Alyson Trinidad can easily name her most horrific experience ever: the day seven and a half years ago when Child Protective Services took away her daughter Jennie, then 18 months old.

Trinidad, now 36, says her addiction to meth caused her to neglect her daughter.

“She was always fed, she was always bathed, she was always clothed,” Trinidad says. “But I think my interaction with her was very limited because of the highs and lows of the drug and frustration and mood swings and everything. It was very hard.”

Many times, Jennie was left alone in her high chair, propped in front of the TV, while her mother escaped to another room to get high. If Trinidad spent the whole night awake and couldn’t drag herself out of bed the next day, Jennie would roam the house, playing alone.

When her second child, Gabriel, was born 18 months ago, Trinidad sought help to become a better parent through the Healthy Families Arizona program.

“I just wanted to do more for my son that I wasn’t able to do for Jennie,” she says.

Healthy Families, which has been offered for 22 years in the state, provides education and support to new parents.

It aims to prevent child abuse and neglect by focusing on improving parenting skills and building relationships between parents and children.

“If we can increase a parent’s capacity to manage stress and to build empathy and an emotional connection with their child, they are less likely to abuse and neglect their child,” says Zoe Lemme, program director of Pima County Healthy Families.

About 720 families have enrolled in the voluntary program in Pima County so far this year.

The program starts working with parents before their children are 3 months old, and in some cases, during pregnancy. Most participants are referred to Healthy Families by social workers who conduct hospital screenings of newborns.

“They’re going to look for a family who’s highly stressed — maybe it’s financial, perhaps they have substance abuse, a single parent, a teen parent, any of those things where parenting is now one more thing on top of their already stressed lives,” Lemme says.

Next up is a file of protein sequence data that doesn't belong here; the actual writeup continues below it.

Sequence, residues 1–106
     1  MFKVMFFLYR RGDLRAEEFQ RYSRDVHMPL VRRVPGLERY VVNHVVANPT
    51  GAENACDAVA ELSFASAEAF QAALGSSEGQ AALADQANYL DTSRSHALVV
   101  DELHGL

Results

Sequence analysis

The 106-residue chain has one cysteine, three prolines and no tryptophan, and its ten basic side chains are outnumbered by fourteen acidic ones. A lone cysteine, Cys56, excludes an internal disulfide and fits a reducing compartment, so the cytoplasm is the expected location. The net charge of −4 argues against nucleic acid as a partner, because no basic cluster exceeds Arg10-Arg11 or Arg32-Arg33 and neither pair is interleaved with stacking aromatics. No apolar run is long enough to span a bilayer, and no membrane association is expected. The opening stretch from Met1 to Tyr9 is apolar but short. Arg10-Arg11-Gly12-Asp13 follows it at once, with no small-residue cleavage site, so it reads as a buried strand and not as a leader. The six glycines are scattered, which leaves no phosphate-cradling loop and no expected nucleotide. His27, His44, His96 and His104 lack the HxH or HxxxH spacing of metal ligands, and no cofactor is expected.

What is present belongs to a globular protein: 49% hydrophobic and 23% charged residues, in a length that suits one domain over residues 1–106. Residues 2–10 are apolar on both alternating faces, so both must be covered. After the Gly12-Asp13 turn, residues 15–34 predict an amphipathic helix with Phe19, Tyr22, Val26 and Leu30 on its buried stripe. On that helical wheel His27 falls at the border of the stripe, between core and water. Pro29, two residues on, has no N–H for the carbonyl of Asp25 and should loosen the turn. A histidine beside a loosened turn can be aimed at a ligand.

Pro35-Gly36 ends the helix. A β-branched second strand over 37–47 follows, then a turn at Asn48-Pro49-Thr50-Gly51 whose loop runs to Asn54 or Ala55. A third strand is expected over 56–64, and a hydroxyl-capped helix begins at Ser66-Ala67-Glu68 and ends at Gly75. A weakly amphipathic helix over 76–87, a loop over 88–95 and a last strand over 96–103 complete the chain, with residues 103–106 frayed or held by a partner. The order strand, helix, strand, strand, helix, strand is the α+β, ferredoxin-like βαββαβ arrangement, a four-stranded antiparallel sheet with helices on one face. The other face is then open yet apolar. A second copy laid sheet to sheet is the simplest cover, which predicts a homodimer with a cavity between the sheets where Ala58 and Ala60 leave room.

The program is highly effective, a 2010 Department of Economic Security report on child and family services shows. Nearly 99 percent of Healthy Families participants in Arizona had no Child Protective Services reports.

DES cut funding for the program from $18 million in 2008 to $6 million in 2009. Emergency dollars from First Things First helped keep the program going in many communities, but the number of sites statewide was nearly halved that year, and 20 percent fewer families were reached, the DES report says.

The program has grown since 2009, but its reach is not as vast as it was before the budget cuts, Lemme says.

Through Healthy Families, support specialists conduct in-home visits and follow a curriculum that supports a child’s social and emotional development and enhances parenting skills.

Family support specialists also help parents identify and set goals for themselves and their children.

During the first six months after birth, families get a weekly visit. The length between visits increases the longer a family is in the program, Lemme says, “really moving them to increased self-sufficiency, increased confidence and feeling empowered as parents.”

Families can remain in the program for up to five years, but many leave between the first and second year.

“That’s really the nice part of being a voluntary program, that once families feel their needs have been met, they can move on to something different,” she says.

During a typical session, which lasts about an hour, the family-support specialist checks in on any stressors the family may be experiencing, discusses goal progress and introduces age-appropriate activities to support the child’s development.

“So many families, when they’re highly stressed, play is the first thing that goes, and so the ability to play and have joy is really important,” Lemme says. “Everything that child is learning, hopefully they’re learning through play. The ability to bring joy and happiness is important as well, because people are more likely going to ask you to come back if the visit was fun.”

For Trinidad, learning how to interact with her son has been the most helpful part of the program.

With Jennie, she rarely played on the floor or read to her.

“I was using until she was about a year and half old, and those are prime times of development with a child,” Trinidad says.

She was reunited with her daughter after eight months. She was sober, but struggled with being socially involved with Jennie and disciplining her.

“I dealt with a lot of guilt from what I did, so I let her get away with stuff,” she says.

Healthy Families teaches Trinidad activities that help stimulate Gabriel and have strengthened her bond with him.

The lessons she’s learned through the program have helped her relationship with Jennie as well — now she understands the importance of being an attentive, hands-on parent.

“It really has me more involved in the family as a whole,” she says, “and understanding what a child really needs, that interaction and bonding.”